Milk production in twelve counties countrywide is set to double following a series of interventions rolled out through a project run by the Kenya Crops and Dairy Market Systems (KCDMS).
Through the US-AID-funded project, over 190,000 farmers in Kisumu, Siaya, Migori, Homa Bay, Vihiga, Kakamega, Bungoma, Busia, Kisii, Kitui, Makueni and Taita Taveta counties have managed to double their daily milk production from 2 litres to 8 litres per cow, a move that has boosted their incomes.
KCDMS Chief of Party Dr. Robert Mwadime said through the project, farmers have benefited from improved breeds and nutrition, which has improved dairy herd and narrowed the gap in milk production.
“The demand for milk in the country is high and through these interventions, we are now producing about 60–70% of the milk citizens consumed,” he said.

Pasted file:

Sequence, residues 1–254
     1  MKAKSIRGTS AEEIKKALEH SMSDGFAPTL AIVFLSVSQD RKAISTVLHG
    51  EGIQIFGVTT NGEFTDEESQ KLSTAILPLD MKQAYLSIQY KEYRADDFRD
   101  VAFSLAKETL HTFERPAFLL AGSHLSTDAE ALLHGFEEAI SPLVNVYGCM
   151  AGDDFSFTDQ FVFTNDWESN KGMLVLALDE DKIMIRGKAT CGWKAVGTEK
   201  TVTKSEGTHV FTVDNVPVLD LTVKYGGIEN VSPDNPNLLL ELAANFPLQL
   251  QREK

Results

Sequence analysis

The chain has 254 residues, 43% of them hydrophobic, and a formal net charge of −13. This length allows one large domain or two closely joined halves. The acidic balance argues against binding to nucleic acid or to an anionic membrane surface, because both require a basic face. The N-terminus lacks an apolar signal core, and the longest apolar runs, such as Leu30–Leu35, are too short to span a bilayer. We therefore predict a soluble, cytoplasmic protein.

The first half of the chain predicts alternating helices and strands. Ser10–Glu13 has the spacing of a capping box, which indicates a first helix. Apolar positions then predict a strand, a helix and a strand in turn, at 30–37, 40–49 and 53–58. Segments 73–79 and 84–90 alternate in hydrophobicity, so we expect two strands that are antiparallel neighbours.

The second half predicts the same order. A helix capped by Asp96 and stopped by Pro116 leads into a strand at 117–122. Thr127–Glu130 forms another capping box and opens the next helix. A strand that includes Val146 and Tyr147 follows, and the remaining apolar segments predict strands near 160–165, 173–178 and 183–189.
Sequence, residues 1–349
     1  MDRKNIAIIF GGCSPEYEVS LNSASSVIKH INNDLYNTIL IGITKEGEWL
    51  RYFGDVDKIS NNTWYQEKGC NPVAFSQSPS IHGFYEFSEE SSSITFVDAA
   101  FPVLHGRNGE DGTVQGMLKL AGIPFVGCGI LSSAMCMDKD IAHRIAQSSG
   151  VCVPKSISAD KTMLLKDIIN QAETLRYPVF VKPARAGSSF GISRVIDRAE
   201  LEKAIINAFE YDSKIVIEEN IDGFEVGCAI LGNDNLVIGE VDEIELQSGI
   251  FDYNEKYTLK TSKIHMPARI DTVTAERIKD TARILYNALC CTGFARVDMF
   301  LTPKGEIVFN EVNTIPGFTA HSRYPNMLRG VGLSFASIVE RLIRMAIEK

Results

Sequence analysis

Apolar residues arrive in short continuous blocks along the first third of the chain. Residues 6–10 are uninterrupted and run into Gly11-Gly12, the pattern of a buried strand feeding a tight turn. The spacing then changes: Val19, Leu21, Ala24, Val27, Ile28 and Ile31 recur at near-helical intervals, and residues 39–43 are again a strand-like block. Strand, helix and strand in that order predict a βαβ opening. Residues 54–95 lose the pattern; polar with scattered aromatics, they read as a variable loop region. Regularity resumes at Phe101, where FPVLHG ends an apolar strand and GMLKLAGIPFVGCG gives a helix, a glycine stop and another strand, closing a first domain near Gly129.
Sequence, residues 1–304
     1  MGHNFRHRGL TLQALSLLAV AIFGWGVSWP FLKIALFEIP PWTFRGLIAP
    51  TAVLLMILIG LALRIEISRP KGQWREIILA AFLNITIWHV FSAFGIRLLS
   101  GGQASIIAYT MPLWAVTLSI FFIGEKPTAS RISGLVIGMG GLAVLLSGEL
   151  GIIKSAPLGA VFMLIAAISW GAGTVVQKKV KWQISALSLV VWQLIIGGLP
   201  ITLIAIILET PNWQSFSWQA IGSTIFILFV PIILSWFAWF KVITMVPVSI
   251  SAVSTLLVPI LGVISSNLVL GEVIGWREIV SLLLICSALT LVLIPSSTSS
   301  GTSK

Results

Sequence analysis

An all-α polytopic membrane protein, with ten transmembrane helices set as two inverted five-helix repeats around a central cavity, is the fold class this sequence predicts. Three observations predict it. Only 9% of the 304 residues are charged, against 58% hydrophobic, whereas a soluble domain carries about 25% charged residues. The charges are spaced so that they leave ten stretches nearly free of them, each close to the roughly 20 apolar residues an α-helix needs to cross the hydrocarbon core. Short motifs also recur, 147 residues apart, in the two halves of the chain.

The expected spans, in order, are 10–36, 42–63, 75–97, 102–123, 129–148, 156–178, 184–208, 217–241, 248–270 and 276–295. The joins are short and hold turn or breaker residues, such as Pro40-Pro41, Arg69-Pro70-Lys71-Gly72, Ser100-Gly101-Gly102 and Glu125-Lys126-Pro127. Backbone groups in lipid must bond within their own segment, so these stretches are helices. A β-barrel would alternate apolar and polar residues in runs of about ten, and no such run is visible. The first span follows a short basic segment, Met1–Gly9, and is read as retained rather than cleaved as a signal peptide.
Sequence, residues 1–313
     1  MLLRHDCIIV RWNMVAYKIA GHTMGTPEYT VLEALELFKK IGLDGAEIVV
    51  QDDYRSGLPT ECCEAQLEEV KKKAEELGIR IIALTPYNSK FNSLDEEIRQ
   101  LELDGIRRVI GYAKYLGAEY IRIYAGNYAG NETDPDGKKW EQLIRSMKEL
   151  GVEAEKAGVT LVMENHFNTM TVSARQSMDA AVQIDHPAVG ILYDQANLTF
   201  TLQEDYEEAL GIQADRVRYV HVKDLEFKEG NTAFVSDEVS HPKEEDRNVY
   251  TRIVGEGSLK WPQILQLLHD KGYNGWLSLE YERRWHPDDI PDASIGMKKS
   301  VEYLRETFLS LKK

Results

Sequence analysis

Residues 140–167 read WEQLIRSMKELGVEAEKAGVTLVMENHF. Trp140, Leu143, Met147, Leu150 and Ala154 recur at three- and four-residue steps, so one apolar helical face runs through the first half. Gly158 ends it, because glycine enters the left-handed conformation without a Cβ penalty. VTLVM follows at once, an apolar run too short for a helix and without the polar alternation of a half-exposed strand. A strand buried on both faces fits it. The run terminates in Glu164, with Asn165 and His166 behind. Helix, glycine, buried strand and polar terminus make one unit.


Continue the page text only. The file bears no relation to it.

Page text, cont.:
Dr. Mwadime stated that the dairy sector is capable of providing employment opportunities for millions of Kenyans, and that the interventions rolled out through KCDMS will go a long way in addressing challenges facing the sector.
KCDMS Dairy Coordinator Brenda Aluda attributed the success of the programme to breed improvement and use of modern technology.
She stated that farmers have benefited from extension services and improved breeding technologies, including artificial insemination, which has seen a marked improvement in their breeds and impacted positively on production.
“Conception rates have improved from 56 per cent to 64 per cent leading to the overall success of the project,” she said proudly, adding that when the project started, farmers had traditional Zebu cows that produced between 1-4 litres of milk daily but currently, they are targeting at least 10 litres daily.
Kisumu county first lady Dorothy Nyong’o lauded the project for transforming the lives of farmers.
Lawrence Adoyo, who offers Artificial Insemination services in Nyanza and Western region, said as a result of the project, the demand for insemination services has risen, resulting in improved breeds.
By Fredrick Odiero
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